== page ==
Justice Leonen on democracy and stereotypes

Last Aug. 20, 2016, Justice Marvic Leonen delivered a remarkable commencement speech to the graduates of the Ateneo School of Government. It would be a mistake to interpret Leonen speech as anti-Duterte. In fact, it is a systematic reflection on democracy, on the universality of human rights, on the rejection of stereotypes (doing so kills people), on the ultimate significance of politics and the challenge to all of us to build a good society. If you cheer or like it because you think he is only talking about Duterte, then you have not learned and profited from such a wonderful text from a great thinker.

See for example these excerpts on democracy and on avoiding stereotypes as that causes enormous suffering and injustice.

According to Justice Leonen: “Authentic democracies are not solely equivalent to elections. Democracy, reduced to the elections, becomes a recipe for entertainment, with eventual disappointment as dessert. It is only during the electoral exercises that candidates attempt to resonate their views with the opinions of the masses. Often, these views are in terms too general to be of any use for concrete assessment of credibility and workability. General statements are passed on as profound political platforms. They grab our attention almost as much as the song-and-dance numbers performed on a political stage.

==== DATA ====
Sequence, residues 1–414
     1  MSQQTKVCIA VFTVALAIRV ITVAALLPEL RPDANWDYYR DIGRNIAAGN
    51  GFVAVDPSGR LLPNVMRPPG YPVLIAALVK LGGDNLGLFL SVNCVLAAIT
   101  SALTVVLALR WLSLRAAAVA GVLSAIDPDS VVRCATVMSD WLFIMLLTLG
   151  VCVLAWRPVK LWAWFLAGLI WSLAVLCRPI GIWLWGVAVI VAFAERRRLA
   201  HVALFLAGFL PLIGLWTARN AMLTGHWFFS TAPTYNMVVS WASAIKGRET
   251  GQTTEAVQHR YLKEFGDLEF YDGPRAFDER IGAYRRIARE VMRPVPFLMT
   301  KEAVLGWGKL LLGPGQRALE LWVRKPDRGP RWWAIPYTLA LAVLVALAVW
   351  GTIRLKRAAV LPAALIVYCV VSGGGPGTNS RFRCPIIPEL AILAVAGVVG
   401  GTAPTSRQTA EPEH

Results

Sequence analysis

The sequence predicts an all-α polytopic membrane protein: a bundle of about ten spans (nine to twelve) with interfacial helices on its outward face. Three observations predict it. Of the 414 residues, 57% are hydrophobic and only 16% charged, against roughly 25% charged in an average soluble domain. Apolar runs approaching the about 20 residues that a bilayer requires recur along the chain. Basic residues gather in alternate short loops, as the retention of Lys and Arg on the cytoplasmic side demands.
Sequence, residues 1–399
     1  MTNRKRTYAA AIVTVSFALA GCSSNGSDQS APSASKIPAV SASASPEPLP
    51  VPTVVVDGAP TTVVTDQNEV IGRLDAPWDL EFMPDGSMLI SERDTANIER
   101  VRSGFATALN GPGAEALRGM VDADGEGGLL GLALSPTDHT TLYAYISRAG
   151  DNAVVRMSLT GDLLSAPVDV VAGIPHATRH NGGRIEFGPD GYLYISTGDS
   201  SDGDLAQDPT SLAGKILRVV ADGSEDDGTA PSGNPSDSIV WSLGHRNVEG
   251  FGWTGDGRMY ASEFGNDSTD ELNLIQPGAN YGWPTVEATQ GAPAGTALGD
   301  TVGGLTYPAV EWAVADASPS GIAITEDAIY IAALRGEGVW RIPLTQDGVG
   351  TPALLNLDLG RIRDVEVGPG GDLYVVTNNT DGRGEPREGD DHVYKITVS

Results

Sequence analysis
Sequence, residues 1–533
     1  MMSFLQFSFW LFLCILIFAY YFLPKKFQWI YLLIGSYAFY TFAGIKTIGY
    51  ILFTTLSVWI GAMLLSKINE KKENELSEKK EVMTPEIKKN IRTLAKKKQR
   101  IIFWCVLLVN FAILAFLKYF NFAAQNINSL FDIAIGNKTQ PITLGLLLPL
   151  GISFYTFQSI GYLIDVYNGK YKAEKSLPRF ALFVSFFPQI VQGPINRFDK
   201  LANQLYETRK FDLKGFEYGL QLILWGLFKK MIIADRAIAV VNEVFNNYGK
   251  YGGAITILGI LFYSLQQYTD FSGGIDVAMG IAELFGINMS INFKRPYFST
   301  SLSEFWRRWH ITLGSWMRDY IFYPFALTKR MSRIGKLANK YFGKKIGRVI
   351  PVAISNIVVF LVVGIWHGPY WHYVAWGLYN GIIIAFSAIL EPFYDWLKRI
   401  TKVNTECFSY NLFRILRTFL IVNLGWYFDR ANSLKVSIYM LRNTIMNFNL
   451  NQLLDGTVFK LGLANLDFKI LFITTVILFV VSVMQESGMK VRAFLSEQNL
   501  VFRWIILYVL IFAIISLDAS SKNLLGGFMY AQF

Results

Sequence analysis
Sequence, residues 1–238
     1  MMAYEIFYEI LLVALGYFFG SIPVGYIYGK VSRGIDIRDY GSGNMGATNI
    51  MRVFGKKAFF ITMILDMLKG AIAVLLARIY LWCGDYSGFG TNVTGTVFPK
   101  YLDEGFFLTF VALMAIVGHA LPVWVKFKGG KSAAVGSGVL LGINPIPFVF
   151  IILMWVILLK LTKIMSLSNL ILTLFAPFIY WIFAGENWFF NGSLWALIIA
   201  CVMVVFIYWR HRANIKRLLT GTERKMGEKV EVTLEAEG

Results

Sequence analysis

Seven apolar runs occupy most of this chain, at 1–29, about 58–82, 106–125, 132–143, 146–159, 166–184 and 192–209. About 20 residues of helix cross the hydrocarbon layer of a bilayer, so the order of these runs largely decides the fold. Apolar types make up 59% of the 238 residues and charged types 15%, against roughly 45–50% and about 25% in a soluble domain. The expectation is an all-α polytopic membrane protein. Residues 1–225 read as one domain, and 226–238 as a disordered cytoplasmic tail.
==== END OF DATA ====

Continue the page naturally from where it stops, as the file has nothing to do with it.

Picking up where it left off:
Leonen then points out how, during elections, citizens are reduced to become mere spectators: “We imbibe a culture of learned helplessness. We surrender our ability to do collective action after the elections. After the elections, we endow the winners in an electoral contest with undeserved entitlement. We create kings and queens rather than public servants. We succumb to the narrative that the votes cast in an election legitimize their every program even before these winners have articulated their plans and implemented them. This should not be the case. Public officers who win elections are not our masters. They are our agents.”

On why we must avoid stereotypes in governance, politics and law, Justice Leonen begins by citing Antonio Gramsci, the Italian Marxist philosopher. Recognized for developing and elaborating the concept of hegemony, proposed that certain individuals are “subalterns”. As such, subalterns “are unable to participate in the creation of ideas that can dominate a particular culture because they are politically and culturally forced into the margins.”

Leonen then asserts: “Successfully caricaturing a group leads to their dehumanization. Stereotyping another human being is itself an inhuman act.”

The Justice gives concrete examples from our history: “We are familiar with these stereotypes: those who belong to non- Christian tribes are uncivilized and have a low level of intelligence. Muslims are terrorists who believe in a religion without ethics, always the legitimate subject of privacy violations and law enforcement. Communists are godless and, therefore, legitimate targets of fundamentalist religious crusades. A sexually active woman is a slut who could be publicly shamed and shunned. Drug pushers are dogs. Drug addicts are beyond redemption.”